Publication details

Long-term fluctuations of floods in the Czech Republic

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Year of publication 2006
Type Article in Proceedings
Conference Geophysical Research Abstracts, EGU General Assembly, Vol. 8
MU Faculty or unit

Faculty of Science

Field Hydrology and limnology
Keywords floods; long term trends; Czech Republic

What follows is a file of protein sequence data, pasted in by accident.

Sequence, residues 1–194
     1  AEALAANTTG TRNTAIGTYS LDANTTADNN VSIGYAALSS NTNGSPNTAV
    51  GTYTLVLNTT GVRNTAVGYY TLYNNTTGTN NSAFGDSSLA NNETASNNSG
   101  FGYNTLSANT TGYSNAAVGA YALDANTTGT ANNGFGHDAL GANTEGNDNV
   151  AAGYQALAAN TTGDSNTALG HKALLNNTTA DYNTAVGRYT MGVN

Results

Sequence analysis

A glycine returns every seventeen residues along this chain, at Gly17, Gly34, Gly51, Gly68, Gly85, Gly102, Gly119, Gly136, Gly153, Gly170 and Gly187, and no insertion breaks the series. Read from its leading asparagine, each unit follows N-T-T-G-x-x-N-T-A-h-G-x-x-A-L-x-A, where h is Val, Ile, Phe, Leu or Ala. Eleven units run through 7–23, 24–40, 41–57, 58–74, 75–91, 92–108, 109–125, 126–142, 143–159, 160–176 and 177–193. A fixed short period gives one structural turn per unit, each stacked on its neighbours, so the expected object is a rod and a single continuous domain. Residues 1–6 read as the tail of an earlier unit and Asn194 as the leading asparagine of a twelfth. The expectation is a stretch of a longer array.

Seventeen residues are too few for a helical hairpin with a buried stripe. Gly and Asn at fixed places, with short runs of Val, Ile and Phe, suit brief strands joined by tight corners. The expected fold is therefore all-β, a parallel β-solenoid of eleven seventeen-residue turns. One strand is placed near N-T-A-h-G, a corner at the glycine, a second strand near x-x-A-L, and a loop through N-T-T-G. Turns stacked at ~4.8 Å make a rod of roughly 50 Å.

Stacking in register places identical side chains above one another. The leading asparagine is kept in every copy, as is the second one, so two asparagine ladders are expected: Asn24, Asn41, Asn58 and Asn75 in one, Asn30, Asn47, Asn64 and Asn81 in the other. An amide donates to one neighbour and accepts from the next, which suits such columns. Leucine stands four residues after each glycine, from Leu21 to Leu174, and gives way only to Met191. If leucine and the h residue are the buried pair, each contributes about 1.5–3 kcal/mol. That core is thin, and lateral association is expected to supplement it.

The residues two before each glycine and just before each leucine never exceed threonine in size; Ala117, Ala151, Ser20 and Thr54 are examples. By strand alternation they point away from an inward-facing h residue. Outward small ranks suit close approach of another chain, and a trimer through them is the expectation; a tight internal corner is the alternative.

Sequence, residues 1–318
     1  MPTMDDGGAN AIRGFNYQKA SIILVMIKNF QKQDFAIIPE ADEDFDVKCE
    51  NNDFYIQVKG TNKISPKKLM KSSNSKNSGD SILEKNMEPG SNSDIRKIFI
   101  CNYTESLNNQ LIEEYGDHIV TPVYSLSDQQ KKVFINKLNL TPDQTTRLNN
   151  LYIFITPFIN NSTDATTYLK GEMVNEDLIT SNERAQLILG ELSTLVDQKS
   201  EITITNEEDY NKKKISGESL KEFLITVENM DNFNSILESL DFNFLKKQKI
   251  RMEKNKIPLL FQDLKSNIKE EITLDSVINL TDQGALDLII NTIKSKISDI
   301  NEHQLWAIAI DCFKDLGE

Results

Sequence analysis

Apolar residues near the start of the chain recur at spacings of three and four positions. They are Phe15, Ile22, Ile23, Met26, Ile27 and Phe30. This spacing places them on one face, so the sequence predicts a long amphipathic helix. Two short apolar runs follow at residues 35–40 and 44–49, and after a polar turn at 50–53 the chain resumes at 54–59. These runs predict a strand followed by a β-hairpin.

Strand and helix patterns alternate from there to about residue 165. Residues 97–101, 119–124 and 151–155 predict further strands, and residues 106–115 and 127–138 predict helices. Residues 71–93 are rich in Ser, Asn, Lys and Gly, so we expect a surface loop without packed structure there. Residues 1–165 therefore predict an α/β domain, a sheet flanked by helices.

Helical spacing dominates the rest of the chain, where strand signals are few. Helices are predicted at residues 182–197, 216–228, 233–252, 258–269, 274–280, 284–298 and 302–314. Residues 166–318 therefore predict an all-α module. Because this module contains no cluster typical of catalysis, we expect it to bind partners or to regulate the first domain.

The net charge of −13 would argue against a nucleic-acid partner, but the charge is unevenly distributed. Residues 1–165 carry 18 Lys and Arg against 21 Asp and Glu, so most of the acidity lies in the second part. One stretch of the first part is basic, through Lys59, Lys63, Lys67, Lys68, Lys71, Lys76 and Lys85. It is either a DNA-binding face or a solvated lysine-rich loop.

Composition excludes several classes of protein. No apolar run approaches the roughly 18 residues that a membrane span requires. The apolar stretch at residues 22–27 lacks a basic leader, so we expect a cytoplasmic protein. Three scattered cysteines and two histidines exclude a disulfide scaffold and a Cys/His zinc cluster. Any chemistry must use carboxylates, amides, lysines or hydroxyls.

Description The paper presents results of analysis of flood series in the instrumental period for the Elbe,Děčín (1851 to 2003), the Vltava, Prague (1825 to 2003), the Ohře, Louny (1884 to 2003), the Odra, Bohumín (1896 to 2003) and the Morava, Kroměříž (1881 to 2003). Sea level pressure patterns based on PCA are analysed for floods of the winter synoptic type (snow melting, ice damming) and of summer synoptic type (heavy precipitation). There is a significant decrease in the number of floods and their severity (expressed by a return period of maximum peak discharges) from the 2nd part of the 19th century to the end of the 20th century. It is consistent with global warming with significant decrease in the number of winter floods. Above series of floods are extended into the pre-instrumental period based on different kinds of documentary evidence (e.g. narrative reports, newspapers, watermarks) and presented in decadal frequencies since the 15th century. The most disastrous floodings in the territory of the Czech Republic during past millennium were recorded in the years 1118, 1432, 1501, 1598, 1655, 1675, 1784, 1845, 1862, 1872, 1890, 1903, 1938, 1997, 2002. Since 1872 all catastrophic flood events were caused by extreme precipitation. Synthesis of documentary and instrumental floods shows long term flood trends with maximum of floods during the 19th century and the 2nd part of the 16th century. The 20th century belonged to relatively very quiet periods.
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